Russia spends almost $73 billion per year on secret weapons and intellectual property, expenditures that total over 5% of the economy, according to official data analyzed by the RBC news website.
Russia’s gross domestic product (GDP) totaled $1.5 trillion in 2017. A Swedish think tank reported this year that Russia officially spent $66.3 billion on defense that year, ranking sixth in the world for defense spending.
Arms and intellectual property procurement totaled 4.85 trillion rubles ($72.9 billion), or 5.3% of Russia’s 2017 GDP, RBC reported on Wednesday, citing newly released State Statistics Service (Rosstat) data.
The share of classified spending on warplanes, ships and tanks, as well as on resource exploration, software and research and development, had been reportedly growing in the previous years until it peaked at 5.3% in 2017.
Citing Rosstat data, RBC forecast that weapons and intellectual property spending may have decreased in 2018.
Experts differ on whether defense spending should be made public. Yevgeny Nikitenko, national security professor at the Russian Presidential Academy of National Economy and Public Administration (RANEPA), told RBC that making the data public would be a crime against the state.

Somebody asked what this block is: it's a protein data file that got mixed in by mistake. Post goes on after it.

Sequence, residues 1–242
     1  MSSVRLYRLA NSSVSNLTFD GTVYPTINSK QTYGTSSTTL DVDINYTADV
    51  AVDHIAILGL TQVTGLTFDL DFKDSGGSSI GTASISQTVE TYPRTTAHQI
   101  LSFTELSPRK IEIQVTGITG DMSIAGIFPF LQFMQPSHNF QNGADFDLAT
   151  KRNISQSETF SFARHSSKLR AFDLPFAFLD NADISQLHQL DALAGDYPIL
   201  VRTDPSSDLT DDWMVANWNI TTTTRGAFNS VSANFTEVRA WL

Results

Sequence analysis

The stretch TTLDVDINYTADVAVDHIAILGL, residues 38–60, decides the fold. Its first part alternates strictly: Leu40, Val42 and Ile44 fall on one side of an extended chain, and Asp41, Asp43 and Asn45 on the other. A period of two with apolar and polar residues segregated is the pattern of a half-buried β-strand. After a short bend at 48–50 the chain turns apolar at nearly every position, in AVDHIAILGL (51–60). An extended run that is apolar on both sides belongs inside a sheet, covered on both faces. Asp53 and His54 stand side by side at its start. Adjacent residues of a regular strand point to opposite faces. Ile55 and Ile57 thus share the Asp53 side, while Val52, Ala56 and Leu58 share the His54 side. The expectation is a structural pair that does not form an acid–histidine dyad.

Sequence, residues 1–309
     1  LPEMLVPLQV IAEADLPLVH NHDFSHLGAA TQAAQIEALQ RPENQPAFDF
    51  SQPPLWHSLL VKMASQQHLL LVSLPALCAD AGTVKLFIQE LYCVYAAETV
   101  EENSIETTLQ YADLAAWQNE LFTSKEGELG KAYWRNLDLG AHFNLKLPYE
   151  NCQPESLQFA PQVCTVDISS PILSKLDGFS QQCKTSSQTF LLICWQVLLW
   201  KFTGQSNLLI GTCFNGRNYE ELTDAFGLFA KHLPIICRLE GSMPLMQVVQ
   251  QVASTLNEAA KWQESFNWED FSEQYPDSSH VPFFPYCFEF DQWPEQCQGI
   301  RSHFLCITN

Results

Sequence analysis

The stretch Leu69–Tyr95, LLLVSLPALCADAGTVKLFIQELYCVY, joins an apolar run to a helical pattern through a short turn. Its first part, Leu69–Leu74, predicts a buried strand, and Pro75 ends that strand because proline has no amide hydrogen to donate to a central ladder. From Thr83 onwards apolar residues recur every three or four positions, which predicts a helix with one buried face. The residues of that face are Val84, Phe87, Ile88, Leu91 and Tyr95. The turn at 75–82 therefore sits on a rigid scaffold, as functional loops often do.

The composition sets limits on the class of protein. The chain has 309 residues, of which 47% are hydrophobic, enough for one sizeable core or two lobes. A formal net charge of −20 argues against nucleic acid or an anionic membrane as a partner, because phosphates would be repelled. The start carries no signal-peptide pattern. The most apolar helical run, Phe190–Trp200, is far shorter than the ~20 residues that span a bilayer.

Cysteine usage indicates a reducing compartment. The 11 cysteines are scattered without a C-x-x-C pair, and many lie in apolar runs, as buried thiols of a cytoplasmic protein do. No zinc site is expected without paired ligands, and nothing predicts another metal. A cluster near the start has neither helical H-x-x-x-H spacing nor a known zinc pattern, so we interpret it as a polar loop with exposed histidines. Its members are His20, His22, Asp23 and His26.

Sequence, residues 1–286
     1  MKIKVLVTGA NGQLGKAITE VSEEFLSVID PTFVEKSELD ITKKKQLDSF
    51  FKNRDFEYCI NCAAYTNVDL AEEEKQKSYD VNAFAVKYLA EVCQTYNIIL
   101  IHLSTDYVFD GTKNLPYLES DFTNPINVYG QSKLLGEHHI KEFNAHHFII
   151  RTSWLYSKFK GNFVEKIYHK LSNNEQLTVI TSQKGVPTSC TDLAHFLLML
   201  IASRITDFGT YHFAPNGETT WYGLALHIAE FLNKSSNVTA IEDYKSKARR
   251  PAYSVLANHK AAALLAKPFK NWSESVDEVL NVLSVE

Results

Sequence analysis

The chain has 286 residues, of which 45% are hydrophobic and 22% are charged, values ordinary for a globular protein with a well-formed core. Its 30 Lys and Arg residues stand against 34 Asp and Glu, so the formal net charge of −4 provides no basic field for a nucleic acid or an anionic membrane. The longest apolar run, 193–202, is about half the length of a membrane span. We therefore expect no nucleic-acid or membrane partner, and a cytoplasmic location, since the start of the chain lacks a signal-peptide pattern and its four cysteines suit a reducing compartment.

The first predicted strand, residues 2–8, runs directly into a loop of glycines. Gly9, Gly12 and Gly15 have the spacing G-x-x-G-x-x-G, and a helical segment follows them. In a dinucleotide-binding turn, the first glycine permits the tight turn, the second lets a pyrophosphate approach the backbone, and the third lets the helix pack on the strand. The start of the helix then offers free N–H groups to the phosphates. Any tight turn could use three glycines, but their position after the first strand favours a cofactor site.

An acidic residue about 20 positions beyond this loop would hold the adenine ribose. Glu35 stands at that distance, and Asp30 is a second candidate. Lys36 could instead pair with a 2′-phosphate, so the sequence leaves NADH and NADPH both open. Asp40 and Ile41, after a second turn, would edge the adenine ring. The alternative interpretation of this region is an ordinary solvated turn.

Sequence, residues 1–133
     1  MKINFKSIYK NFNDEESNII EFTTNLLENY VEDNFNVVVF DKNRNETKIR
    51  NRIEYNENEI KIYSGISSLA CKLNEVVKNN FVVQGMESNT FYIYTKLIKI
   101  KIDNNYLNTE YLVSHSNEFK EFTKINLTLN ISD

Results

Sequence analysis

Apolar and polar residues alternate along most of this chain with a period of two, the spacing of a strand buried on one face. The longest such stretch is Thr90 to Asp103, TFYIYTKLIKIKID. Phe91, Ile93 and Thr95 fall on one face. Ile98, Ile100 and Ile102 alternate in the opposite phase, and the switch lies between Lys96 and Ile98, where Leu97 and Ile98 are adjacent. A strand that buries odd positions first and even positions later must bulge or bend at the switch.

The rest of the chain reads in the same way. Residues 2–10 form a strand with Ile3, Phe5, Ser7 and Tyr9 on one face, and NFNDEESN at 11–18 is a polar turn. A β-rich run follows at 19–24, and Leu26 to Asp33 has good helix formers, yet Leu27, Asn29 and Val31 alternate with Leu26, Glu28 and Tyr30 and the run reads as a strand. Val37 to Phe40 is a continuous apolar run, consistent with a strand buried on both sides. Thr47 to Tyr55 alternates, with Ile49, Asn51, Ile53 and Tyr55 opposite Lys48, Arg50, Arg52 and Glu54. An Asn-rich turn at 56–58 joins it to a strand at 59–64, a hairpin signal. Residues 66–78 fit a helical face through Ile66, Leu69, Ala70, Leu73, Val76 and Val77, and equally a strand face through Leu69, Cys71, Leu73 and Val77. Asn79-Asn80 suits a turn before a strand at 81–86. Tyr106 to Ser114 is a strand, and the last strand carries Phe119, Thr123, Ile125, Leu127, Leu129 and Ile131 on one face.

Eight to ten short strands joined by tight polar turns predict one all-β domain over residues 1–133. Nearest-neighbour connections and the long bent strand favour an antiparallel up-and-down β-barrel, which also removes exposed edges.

Alexei Arbatov of the Russian Academy of Sciences’ institute of world economy and international relations, however, argued that hiding this information could create an environment that enables unchecked spending.
“There’s no sense in hiding this data,” Arbatov said. “When it comes to the military, non-transparency allows for uncontrolled use of funds.”
RBC calculated the classified figure by subtracting the Russian military’s fixed assets such as buildings, transport and machinery from gross fixed capital formation, which totaled 19.88 trillion rubles ($299 billion).